Sunday, March 12, 2006
Employees often lose their jobs when their company hits an industry downturn. Turns out, so do CEOs. Traditional wisdom is that corporate boards don't hold a CEO responsible for things beyond his or her control, like market downturns. But a new study from the National Bureau of Economic Research suggests that while this may have been true in the 1970s and 1980s, it's no longer the case today.
The paper is CEO Turnover and Relative Performance Evaluation, by Dirk Jenter and Fadi Kanaan (MIT-Business). Here's the abstract:
This paper examines whether CEOs are fired after bad firm performance caused by factors beyond their control. Standard economic theory predicts that corporate boards filter out exogenous industry and market shocks to firm performance when deciding on CEO retention.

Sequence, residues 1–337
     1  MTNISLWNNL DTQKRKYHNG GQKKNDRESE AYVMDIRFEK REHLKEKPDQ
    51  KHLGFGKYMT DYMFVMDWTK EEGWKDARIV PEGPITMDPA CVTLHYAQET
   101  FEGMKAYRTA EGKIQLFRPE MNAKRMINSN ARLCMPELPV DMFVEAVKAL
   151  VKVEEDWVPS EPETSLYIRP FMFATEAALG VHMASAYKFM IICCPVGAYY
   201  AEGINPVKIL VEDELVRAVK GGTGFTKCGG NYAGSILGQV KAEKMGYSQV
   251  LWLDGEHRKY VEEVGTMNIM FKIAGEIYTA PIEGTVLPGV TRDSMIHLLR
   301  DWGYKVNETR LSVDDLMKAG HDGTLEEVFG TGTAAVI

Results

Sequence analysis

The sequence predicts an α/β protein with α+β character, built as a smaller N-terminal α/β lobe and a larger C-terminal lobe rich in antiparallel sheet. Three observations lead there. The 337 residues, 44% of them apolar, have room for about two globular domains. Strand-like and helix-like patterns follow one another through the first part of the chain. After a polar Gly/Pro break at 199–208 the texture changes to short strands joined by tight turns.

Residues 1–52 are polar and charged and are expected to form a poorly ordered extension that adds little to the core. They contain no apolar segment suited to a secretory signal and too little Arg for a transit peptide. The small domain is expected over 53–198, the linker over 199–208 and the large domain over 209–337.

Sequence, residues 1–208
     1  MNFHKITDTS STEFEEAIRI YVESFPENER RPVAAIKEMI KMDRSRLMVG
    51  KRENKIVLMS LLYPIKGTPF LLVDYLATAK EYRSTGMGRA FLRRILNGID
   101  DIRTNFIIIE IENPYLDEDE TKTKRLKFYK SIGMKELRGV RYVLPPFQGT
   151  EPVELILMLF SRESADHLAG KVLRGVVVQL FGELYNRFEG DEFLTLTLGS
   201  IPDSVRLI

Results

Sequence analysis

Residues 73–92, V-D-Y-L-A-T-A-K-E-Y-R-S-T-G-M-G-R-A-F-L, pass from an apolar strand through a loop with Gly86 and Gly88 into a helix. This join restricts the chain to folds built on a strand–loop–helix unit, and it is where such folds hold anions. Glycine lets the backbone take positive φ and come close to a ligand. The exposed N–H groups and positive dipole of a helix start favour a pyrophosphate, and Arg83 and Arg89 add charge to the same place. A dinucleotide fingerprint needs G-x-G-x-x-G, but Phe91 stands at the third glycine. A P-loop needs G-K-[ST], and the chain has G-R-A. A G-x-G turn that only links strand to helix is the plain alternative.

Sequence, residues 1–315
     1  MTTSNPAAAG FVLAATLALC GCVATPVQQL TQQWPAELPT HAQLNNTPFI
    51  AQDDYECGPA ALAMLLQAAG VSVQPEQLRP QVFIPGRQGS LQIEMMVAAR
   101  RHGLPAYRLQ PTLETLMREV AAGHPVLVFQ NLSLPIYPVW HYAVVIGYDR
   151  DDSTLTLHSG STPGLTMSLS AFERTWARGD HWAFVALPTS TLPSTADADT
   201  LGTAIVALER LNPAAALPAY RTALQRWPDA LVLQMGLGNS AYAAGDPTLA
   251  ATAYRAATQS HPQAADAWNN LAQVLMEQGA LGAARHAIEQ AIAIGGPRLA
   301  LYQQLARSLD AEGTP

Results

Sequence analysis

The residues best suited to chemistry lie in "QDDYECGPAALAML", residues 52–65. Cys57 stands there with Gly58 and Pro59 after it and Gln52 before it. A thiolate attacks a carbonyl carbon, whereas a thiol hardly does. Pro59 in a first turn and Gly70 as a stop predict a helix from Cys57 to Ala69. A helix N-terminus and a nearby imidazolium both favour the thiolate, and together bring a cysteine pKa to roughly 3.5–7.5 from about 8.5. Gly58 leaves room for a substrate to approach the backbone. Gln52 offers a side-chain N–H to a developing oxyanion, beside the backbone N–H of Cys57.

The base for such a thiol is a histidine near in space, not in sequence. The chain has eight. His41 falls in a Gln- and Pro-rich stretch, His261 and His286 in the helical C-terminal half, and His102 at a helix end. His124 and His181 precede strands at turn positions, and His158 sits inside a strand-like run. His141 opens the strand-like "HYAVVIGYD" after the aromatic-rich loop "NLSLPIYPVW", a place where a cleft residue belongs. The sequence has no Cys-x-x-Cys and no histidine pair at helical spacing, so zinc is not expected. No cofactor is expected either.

Using a new hand-collected sample of 1,590 CEO turnovers from 1993 to 2001, we document that CEOs are significantly more likely to be dismissed from their jobs after bad industry and bad market performance. A decline in the industry component of firm performance from its 75th to its 25th percentile increases the probability of a forced CEO turnover by approximately 50 percent. This finding is robust to controls for firm-specific performance. The result is at odds with the prior empirical literature which showed that corporate boards filter exogenous shocks from CEO dismissal decisions in samples from the 1970s and 1980s. Our findings suggest that the standard CEO turnover model is too simple to capture the empirical relation between performance and forced CEO turnovers, and we evaluate several extensions to the standard model.